As fans may have read, it is now official how WBC cruiserweight champion Tony Bellew will make his first defence against long-time contender B.J Flores. Promoter Eddie Hearn is promising a “huge card” for Bellew’s hometown of Liverpool on October 15, with a number of supporting bouts to be announced in the coming says – with appearances by David Price and Rocky Fielding likely and a fight between Gary Sykes and Sean Dodd at lightweight already confirmed.
The Bellew-Flores fight promises to be lively, both before, during and after the actual bout. The two do not like each other, have been exchanging barbs on social media for a long time now and both the 30-year-old champion and the 37-year-old challenger are promising a KO victory. Bellew says he will “smash Flores to bits,” while Flores has vowed to “school Bellew before I knock his ass clean out.” The pre-fight hype we can look forward to at press conferences and the weigh-in promise more heated exchanges (let’s just hope there is enough able security on board whenever the two vocal fighters share the same room).
Where the dislike comes from is not all that clear. Flores has been calling for a fight with Bellew for some time, even before “Bomber” ripped the vacant WBC belt from Ilunga Makabu back in May. Maybe Bellew does not like the way Flores is so cocksure he will beat him. There could be another reason for the dislike though: Flores’ good friendship with David Haye. Haye is the man Bellew really wants to fight, even up at heavyweight, and Flores stands by his man in saying Haye would crush Bellew.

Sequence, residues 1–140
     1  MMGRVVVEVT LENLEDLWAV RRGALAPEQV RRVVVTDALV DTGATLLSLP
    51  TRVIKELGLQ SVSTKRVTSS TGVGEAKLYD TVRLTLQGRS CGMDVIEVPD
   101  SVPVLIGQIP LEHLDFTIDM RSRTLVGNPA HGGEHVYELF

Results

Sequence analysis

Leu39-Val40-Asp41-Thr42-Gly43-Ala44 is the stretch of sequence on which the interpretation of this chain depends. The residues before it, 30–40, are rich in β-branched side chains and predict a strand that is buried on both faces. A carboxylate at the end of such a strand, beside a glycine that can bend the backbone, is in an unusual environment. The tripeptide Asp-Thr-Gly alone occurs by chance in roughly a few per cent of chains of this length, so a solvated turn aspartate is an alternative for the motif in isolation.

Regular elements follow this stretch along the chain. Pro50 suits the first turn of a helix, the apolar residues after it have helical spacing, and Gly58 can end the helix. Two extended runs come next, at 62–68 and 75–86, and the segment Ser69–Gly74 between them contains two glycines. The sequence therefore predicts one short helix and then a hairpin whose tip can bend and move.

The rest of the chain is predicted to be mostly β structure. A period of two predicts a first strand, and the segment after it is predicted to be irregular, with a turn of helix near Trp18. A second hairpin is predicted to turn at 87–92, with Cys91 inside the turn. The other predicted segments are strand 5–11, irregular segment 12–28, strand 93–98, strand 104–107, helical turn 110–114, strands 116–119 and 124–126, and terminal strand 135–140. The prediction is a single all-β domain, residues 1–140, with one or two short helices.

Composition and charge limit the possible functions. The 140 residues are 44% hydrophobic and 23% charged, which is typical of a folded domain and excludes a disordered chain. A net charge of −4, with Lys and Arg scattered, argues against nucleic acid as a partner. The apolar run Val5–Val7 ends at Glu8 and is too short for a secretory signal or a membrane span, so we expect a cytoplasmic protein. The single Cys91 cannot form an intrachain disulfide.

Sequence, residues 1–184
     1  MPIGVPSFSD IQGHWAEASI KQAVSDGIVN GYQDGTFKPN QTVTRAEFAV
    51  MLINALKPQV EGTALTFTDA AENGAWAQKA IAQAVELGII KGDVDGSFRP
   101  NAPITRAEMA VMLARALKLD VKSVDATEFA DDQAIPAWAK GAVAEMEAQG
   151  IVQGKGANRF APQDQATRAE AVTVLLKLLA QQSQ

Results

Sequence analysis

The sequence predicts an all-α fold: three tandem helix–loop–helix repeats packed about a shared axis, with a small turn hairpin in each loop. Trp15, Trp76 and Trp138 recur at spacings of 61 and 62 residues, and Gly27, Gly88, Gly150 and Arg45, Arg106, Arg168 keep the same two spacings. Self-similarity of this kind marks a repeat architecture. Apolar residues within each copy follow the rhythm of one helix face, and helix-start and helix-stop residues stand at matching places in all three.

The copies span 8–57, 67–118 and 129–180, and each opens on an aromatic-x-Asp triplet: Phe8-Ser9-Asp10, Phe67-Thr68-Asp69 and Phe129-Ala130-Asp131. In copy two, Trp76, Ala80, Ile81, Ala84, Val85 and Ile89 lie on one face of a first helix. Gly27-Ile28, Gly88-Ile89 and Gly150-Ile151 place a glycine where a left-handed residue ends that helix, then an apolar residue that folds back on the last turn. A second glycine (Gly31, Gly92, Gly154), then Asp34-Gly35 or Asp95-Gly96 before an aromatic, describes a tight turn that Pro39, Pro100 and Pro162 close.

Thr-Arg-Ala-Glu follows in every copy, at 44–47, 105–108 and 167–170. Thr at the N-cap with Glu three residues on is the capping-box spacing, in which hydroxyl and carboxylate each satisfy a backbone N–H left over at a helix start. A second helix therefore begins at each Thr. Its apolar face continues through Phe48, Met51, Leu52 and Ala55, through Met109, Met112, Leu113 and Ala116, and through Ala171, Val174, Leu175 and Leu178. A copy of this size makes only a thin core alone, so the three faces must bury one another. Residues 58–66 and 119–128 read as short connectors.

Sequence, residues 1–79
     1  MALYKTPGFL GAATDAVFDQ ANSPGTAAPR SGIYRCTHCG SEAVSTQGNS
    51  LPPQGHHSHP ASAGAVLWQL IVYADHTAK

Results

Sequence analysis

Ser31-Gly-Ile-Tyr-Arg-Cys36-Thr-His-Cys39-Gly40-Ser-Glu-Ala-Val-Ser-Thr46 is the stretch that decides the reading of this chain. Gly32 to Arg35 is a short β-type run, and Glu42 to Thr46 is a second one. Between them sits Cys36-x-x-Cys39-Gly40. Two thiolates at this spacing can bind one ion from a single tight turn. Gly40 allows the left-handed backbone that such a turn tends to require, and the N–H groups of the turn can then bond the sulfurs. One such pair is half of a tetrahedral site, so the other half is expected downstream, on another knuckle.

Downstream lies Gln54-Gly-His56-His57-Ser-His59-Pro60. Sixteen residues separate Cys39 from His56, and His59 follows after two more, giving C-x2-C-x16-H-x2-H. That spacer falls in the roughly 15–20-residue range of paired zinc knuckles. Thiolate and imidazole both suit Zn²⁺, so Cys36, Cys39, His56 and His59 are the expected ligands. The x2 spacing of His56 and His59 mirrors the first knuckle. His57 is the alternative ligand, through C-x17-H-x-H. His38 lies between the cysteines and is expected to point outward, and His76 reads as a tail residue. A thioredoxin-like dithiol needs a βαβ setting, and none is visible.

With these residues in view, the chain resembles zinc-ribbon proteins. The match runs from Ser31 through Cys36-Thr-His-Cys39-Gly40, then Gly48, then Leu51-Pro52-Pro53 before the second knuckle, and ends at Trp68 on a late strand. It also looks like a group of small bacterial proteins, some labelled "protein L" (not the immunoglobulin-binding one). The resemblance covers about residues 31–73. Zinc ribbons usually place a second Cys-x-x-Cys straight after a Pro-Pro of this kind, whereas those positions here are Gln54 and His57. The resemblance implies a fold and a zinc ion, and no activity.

That intriguing fight – maybe another catch-weight fight – will go clean out of the window if Flores can score the upset (he will undoubtedly be the betting underdog in Liverpool, Bellew’s fans sure to back their hero with cold hard cash) and take Bellew’s belt a couple of months from now. Bellew, 27-2-1(17) looked great (barring that 1st-round knockdown he suffered) against the dangerous Makabu but is he really the best cruiserweight in the world as he claims to be the case? This first defence is no gimme for Bellew and the fight should tell us more about the Liverpool man’s chances of achieving another of his goals: that of unifying the belts at 200-pounds.
Flores, 32-2-1(20) is always in great physical condition, he has never been stopped, he is coming off a fight he feels he won but was robbed of the interim WBA cruiserweight belt he fought for (against Beibut Shumenov last summer, Flores hammering out a stoppage win up at heavyweight since) and he knows this will almost certainly be his last shot at a major title. Flores WILL be dangerous is this fight and Bellew would be foolish to fail to recognise this. That said, Bellew showed venomous punching power against Makabu and he has proven he is a better fighter up at cruiser compared to as a light-heavyweight.
As long as Bellew can keep his cool (perhaps easier said than done) he has to be the pick to get the win; although the stoppage win he is predicting looks a tough ask. But this one could go either way. Whenever two men really do not like one another, a fight can prove brutal, intense and tactics can go out the same window as Bellew’s fight with Haye will go if he loses in October. Then again, will this fight live up to the pre-fight hype/war of words?
This is a tough one to predict. Bellew on points? Bellew by commanding KO? Flores via shock KO? Flores on points? Take your pick. How interesting it would be to get David Haye’s thoughts on this fight.